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Who: Chris Wise, 42
Where: Los Angeles
Time with Levels: Four months
Most Useful Takeaway: Sugar-free creamer, a so-called “free” food, was one of the main sources behind high blood sugar spikes.
1. What was your health like before Levels?
I’m very focused on my health. I’ve been working out with a trainer for 18 years, going to the gym three to five times per week to do weights and cardio. I’ve also seen a nutritionist in the past—eating high-protein, low-fat and low-carb, though, within the past year, I’ve moved towards a keto-based diet. I take several different supplements, and I’m really into biohacking. Dave Asprey and David Sinclair are two experts I follow closely.
2. What made you want to put a CGM on your arm?
I can’t seem to bring my body fat percentage down. I’ve always hovered around 20% to 22% body fat, though it got as high as 26% during the pandemic.
My diet has always been the barrier. I love to eat good food. When I travel to new cities, I like to go to nice restaurants. But I also love cheeseburgers and pancakes. It’s that diet that’s kept me from getting to my goal of 12% body fat. In 2019, I worked with a trainer for a year and got down to 17.5% body fat, but, honestly, it wasn’t easy, and I had to be perfect with my eating. One mistake, like a piece of cheese or candy, and I couldn’t drop any weight.
Recently, I had been working with a doctor who was 50 years old. He started at 26% body fat and dropped to 12% in six months. The key, he said, was having a CGM and measuring his ketones. After watching a video of Casey Means introducing Levels, I signed up hoping that this was the answer to 18 years of struggle.
3. How has the CGM prompted you to change your eating habits?
What I learned from the CGM was that some of the foods that I thought were insignificant were having adverse effects on my glucose. The biggest thing causing a problem was the sugar-free creamer I had every morning in my coffee. That would spike me to 150 mg/dL, and so I cut it out. I also like donuts. I expected that I’d get an initial glucose spike, but it was surprising that eating one would keep my blood sugar elevated for 24 hours. With the immediate feedback of the CGM, when I noticed something spike me, I’d stop eating it. Plus, I didn’t want my levels to get into the red and get a low zone score.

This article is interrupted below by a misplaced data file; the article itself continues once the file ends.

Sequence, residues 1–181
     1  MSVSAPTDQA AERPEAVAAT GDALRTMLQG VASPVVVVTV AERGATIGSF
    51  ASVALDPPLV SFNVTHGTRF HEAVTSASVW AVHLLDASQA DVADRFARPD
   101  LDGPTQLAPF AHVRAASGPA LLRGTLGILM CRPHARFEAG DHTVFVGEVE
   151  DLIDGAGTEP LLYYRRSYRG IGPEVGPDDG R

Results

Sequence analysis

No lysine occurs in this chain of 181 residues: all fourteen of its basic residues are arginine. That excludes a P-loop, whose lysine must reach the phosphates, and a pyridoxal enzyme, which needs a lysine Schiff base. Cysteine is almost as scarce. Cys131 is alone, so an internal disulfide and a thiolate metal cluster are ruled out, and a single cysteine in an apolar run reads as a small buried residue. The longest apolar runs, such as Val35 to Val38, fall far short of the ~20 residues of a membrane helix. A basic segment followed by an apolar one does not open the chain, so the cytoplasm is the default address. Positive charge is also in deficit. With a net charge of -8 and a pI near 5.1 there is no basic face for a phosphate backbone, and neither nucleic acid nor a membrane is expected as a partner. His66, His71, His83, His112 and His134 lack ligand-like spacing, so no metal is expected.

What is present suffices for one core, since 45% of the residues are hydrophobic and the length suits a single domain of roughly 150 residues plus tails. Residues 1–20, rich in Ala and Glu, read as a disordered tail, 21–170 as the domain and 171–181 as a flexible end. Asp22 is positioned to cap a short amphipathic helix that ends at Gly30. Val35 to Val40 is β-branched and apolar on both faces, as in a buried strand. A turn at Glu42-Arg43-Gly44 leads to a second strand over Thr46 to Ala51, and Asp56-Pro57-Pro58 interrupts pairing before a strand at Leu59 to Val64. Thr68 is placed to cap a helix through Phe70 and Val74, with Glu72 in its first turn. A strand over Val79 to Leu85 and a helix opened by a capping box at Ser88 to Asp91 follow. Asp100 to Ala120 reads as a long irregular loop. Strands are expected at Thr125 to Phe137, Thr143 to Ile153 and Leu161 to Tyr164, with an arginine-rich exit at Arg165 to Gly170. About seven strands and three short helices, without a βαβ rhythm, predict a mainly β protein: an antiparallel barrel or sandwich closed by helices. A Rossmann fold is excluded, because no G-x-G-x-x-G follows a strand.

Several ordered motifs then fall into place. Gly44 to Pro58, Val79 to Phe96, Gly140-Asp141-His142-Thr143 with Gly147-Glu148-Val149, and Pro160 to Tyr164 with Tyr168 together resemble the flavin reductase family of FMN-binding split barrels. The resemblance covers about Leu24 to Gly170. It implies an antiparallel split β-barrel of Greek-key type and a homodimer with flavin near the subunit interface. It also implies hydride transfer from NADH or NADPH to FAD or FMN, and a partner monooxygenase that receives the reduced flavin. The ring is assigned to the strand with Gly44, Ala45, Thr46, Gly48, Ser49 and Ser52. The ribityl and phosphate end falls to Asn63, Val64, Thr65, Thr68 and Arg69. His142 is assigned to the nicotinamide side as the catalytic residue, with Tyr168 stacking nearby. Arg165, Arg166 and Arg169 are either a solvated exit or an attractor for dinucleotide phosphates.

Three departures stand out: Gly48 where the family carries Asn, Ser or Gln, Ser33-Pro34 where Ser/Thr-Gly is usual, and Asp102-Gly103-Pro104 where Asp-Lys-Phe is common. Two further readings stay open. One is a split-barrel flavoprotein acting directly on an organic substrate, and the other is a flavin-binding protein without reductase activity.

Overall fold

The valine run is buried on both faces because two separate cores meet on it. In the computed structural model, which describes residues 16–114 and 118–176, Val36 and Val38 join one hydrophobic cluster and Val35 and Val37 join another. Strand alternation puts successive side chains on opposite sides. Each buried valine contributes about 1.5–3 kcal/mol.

4. What are foods or meals that consistently keep your glucose stable?
About 60% of my food intake is on-diet, meaning it’s mainly meat and vegetables, with vegetables and some fruit being my only source of carbs. A breakfast that keeps me stable is steak and eggs.
The other 40% are any foods that I want. I don’t worry about my glucose levels as much, but I find that they remain pretty stable. Controlling my blood sugar, in general, pays off when I go off my diet and have pizza, a cheeseburger, or something sweet. The other day, I ate two tablespoons of Nutella, and my glucose didn’t go over 100 mg/dL, and it came back down in an hour, which is pretty great.
Intermittent fasting has also helped. My fast is 18 hours with a six-hour eating window. I have one meal at noon and the other at six p.m. Sometimes I mix things up and eat three meals a day. Other days I won’t eat at all and will do as long as a 40-hour fast. Or, I won’t eat until the evening and have one large meal. I think the variety has been helpful for me.
That said, in my third month with Levels, my progress began to slow. I think I became too loose with my diet. My plan from now on is to tighten my carb intake for five days per week, and then two days per week, I’ll be a little more lenient. Based on what I’ve seen while using Levels, I’m confident that this will get my body back into a better state, and I can continue to lose weight.
5. What type of results have you seen?
I’m at 17% body fat right now, down from 26% in February. Not only is this great progress, but I got to this point without the diet strictness I had to follow before. It’s the combination of intermittent fasting and using the CGM that has accelerated my metabolic health optimization. I finally feel like I’ve cracked the code on my body.